Personalities: Otto Julius Klotz

Otto Julius Klotz, 1901

One of the pleasures of archival research is encountering people through the records they’ve left behind. In some cases, documents can give only brief insights, but in others, they can reveal fascinating personalities. Dominion Astronomer Otto Klotz is one of the latter.

Our research led us to Klotz because of his membership in the Advisory Technical Board (ATB), which had been created to consider complex or technical matters brought to the attention of the Department of the Interior. We were trying to reconstruct the events surrounding Stefansson’s warning of the (non-existent) Danish threat to Canadian arctic sovereignty, and the origins of the planned government expedition in 1920. Klotz had been a member of the Board (and, it turned out, of its Arctic subcommittee), so we turned to his papers at Library and Archives Canada. Fortunately for us, Klotz was an inveterate diarist, who penned daily entries from 1866 until his death in 1923. He recorded details of his daily life, including his official duties. Even better, he did so legibly and with a delightfully wry sense of humour, making him a very useful and eminently quotable source.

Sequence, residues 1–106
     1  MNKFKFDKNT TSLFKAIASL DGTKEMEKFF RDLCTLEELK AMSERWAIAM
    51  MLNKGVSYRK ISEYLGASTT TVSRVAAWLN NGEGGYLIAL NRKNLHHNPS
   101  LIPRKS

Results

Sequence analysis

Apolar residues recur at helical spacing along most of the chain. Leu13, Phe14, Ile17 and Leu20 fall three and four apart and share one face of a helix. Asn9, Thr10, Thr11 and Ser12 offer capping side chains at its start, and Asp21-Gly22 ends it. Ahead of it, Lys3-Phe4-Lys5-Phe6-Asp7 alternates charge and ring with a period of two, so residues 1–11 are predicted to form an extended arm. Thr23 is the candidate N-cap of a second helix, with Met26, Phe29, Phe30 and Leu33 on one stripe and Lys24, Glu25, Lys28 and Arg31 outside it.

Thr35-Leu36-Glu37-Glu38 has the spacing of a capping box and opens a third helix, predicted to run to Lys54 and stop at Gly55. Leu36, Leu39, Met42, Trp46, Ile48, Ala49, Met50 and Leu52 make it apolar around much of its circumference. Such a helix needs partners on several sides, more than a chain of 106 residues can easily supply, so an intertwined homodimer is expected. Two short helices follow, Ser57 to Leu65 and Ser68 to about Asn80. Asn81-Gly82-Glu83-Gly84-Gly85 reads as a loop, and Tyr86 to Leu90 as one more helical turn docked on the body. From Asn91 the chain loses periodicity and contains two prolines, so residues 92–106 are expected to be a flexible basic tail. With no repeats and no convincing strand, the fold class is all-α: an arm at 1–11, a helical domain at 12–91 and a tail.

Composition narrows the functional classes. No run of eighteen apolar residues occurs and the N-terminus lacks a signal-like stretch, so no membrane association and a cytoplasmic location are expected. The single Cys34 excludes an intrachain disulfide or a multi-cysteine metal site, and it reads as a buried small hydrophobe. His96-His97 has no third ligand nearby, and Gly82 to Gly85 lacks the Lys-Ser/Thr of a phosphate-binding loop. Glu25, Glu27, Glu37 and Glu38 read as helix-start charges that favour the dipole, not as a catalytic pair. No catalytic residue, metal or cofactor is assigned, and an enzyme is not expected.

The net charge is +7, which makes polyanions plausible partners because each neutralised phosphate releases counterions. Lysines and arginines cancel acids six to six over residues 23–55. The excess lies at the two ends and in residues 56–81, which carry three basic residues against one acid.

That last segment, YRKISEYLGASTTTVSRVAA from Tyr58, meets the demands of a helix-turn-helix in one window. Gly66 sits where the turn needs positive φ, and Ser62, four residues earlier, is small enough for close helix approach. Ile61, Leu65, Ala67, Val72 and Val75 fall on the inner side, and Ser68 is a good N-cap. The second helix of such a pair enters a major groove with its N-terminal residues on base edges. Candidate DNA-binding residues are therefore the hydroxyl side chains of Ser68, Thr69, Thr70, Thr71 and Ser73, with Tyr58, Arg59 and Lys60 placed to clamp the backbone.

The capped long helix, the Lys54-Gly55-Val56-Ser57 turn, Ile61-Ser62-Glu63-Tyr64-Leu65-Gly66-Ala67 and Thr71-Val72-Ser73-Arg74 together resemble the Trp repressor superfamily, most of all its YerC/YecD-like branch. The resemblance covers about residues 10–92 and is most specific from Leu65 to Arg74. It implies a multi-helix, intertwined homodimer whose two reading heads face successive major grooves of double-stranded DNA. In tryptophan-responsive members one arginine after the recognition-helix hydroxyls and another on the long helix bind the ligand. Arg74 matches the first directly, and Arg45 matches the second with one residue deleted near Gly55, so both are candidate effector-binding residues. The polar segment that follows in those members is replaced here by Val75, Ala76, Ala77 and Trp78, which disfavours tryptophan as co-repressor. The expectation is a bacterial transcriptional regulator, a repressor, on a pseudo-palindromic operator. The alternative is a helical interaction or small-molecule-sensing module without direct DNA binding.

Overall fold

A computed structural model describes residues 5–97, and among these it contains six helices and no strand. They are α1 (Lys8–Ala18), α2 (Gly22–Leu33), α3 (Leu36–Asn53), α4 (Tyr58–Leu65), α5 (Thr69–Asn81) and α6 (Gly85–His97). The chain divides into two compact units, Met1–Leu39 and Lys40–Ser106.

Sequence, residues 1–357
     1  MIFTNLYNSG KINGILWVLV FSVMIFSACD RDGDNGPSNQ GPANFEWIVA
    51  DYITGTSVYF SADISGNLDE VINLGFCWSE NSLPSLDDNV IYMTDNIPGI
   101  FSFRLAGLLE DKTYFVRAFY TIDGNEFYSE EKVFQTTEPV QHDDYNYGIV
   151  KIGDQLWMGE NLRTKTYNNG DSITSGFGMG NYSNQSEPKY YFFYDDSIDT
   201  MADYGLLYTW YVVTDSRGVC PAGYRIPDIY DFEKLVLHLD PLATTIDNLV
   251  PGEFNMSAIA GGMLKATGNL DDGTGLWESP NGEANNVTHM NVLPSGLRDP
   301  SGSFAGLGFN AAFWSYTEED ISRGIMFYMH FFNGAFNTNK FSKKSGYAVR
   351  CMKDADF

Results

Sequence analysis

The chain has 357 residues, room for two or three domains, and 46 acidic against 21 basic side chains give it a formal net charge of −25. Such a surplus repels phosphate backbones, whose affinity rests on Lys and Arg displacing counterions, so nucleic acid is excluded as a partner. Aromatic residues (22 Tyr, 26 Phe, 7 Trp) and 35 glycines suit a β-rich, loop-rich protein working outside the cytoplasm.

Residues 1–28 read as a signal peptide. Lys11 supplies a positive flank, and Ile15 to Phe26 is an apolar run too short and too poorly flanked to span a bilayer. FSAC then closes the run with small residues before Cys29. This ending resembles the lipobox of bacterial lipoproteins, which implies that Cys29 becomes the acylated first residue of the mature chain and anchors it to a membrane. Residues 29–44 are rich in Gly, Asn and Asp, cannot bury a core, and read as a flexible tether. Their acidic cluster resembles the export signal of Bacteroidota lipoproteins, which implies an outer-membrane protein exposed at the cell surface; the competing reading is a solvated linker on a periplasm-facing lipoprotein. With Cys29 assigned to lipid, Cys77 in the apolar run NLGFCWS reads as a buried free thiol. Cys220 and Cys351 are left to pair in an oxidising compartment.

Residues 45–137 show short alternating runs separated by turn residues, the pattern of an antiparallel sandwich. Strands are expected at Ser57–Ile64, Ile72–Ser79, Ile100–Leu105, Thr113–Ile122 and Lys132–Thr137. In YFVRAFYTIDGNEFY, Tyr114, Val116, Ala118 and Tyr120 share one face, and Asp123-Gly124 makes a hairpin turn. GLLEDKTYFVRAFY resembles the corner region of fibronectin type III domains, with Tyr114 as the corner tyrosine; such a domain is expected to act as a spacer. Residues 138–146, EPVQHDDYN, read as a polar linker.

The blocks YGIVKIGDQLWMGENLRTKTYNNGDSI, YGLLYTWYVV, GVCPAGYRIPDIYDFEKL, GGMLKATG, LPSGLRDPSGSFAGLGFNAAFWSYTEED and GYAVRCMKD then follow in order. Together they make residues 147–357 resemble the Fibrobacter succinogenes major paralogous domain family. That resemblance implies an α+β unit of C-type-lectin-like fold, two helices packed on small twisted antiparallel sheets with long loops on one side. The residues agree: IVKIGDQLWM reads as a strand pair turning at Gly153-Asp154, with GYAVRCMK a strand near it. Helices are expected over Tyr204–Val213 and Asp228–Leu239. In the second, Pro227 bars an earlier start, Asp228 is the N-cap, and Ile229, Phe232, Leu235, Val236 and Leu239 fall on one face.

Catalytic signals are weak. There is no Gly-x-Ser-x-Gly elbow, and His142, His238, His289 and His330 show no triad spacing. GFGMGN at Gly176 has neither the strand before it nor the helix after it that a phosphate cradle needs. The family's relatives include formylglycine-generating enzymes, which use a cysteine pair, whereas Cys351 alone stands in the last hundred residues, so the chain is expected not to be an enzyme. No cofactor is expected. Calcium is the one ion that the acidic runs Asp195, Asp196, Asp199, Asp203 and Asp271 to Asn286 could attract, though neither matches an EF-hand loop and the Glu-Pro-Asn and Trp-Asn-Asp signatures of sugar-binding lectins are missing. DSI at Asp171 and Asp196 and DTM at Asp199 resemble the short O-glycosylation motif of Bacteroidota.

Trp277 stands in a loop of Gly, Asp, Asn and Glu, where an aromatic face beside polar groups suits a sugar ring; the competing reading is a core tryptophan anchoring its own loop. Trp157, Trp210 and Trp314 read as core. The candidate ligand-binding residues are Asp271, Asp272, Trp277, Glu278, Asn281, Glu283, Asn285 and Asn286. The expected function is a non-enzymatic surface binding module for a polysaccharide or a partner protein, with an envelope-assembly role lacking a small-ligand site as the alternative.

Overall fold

In October of 1920, for instance, Klotz reported on the rapidly developing plans to counter the perceived Danish threat:

In morning meeting of our Advis. Tech. Board and we learned that our memo of last Friday about the Arctic Islands was changed by the Gov’t to an immediate “land expedition” by the Mounted Police to be followed in the spring by one by vessel. — We all smiled. We can see the Mounted Police charging “overland & overice” from Winnipeg to Ellesemere Land — 2000 miles in an fair line — establishing posts, law and order among the musk ox, and above all establishing sovereignty against the wily Danes until the exploring ship arrives next year. We authorized our chairman Dr. Deville to discuss with the Deputy Minister the matter rationally instead of plunging blindly into a wild ill-considered scheme. We all believe in obtaining the sovereignty for Canada, but use reason & common sense to attain the end.